In 1988, six firefighters in Kansas City, Missouri, were killed in a blast at a highway construction site.
Nine years later, five people were convicted of setting the fires that led to the deaths. And now, almost 30 years later, Reveal investigates problems in the case: There was no physical evidence linking the five to the crime, and their convictions were based on witness testimony – a lot of it conflicting.
We start with a look back at the early morning hours of Nov. 29, 1988. The Kansas City Fire Department was responding to a 911 call about a fire at a construction site. Soon after firefighters arrived, a massive blast occurred. Forty minutes later, a second blast rang out.
So what caused the blasts? Fifty-thousand pounds of ammonium nitrate and fuel oil.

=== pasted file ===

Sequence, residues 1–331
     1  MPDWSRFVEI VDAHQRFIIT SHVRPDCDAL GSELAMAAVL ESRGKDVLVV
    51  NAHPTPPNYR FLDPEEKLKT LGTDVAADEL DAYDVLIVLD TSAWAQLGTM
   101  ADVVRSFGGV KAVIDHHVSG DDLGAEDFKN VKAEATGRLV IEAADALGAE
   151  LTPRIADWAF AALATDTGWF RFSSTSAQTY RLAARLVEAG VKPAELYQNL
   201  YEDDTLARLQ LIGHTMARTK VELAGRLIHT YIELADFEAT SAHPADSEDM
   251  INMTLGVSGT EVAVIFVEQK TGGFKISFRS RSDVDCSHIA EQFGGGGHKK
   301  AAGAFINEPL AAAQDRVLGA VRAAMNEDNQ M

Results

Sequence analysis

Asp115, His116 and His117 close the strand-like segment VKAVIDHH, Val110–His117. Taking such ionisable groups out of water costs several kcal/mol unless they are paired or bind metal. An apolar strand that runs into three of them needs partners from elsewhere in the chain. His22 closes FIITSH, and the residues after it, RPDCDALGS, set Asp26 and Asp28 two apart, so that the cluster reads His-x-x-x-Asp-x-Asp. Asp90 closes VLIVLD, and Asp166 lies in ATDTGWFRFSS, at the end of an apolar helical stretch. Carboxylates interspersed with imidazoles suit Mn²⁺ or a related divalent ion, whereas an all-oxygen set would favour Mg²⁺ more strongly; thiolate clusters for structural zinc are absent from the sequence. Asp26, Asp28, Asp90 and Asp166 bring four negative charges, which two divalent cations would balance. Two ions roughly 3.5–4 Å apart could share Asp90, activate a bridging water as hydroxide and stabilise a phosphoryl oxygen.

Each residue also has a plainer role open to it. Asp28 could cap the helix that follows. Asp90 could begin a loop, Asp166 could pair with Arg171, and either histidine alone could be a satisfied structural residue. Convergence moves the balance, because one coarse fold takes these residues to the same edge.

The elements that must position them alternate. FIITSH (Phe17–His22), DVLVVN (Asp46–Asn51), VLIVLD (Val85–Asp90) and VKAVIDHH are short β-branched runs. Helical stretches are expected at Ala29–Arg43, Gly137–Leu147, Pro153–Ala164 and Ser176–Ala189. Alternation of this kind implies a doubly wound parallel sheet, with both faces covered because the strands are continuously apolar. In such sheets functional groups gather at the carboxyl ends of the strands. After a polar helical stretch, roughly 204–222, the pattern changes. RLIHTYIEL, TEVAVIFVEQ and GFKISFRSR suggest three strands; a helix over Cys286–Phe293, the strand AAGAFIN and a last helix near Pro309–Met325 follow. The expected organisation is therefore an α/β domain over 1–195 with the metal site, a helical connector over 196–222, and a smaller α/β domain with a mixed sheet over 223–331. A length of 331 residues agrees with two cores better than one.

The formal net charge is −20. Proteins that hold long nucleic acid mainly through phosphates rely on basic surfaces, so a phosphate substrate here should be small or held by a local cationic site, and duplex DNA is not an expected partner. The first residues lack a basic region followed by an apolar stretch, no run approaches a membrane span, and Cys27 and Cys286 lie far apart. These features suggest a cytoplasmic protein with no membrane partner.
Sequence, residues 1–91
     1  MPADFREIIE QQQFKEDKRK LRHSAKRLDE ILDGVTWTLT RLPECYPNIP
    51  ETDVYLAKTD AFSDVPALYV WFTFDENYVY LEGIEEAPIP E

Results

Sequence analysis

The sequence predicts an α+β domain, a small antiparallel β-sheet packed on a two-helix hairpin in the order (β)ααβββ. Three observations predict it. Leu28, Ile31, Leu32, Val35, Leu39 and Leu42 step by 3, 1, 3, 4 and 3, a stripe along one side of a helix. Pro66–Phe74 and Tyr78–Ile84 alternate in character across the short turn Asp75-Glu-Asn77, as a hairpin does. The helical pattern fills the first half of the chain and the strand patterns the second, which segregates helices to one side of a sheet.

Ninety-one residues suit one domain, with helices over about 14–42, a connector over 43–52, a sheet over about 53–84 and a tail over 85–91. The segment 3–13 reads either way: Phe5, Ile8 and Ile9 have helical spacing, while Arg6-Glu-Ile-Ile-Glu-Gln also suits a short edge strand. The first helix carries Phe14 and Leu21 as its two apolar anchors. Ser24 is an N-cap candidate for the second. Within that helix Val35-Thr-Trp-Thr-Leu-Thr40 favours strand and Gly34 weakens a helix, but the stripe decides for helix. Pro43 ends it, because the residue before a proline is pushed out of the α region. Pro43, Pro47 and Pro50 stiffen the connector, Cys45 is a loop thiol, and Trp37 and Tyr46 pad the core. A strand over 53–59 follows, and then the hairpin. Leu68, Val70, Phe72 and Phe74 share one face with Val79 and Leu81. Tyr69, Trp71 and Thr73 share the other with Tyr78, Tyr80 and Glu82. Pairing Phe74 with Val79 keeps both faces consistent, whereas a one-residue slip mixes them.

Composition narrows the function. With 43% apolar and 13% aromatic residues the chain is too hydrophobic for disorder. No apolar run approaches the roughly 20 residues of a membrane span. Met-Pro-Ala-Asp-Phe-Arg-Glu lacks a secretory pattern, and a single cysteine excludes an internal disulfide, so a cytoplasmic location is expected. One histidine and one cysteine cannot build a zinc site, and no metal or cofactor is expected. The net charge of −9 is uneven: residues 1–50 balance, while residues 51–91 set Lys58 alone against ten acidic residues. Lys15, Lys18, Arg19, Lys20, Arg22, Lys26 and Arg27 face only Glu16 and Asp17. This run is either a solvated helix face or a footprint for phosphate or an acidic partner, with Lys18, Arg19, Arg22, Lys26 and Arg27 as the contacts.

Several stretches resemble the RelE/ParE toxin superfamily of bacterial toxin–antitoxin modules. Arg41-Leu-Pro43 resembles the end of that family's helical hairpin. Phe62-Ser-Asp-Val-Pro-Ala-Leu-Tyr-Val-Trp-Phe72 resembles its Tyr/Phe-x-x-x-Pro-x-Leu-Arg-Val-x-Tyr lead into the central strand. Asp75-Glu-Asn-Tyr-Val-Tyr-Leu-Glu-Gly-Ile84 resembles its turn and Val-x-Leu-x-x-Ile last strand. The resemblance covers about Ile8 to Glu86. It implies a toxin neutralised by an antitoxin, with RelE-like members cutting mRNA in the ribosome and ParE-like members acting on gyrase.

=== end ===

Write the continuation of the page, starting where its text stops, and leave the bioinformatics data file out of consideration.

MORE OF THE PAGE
Federal agents and local police immediately suspected arson and began an investigation that would last for eight years.
From the beginning, the investigation was troubled. The first attempt to convict someone fell apart shortly after indictment. Investigators were relying on jailhouse informants and a tips hotline to collect evidence.
This information resulted in the indictment and conviction of five people: Bryan Sheppard, Darlene Edwards, Frank Sheppard, Earl “Skip” Sheppard and Richard Brown.
They were sentenced to life in prison with no possibility of parole. But now, the youngest has a chance at freedom.
Bryan Sheppard was 17 at the time of the explosions, and the Supreme Court has ruled that it’s unconstitutional to give a juvenile a mandatory sentence of life in prison without parole. He will be resentenced in a few weeks, and Reveal will be there to follow up.
Reveal is a weekly radio program produced by The Center for Investigative Reporting and PRX.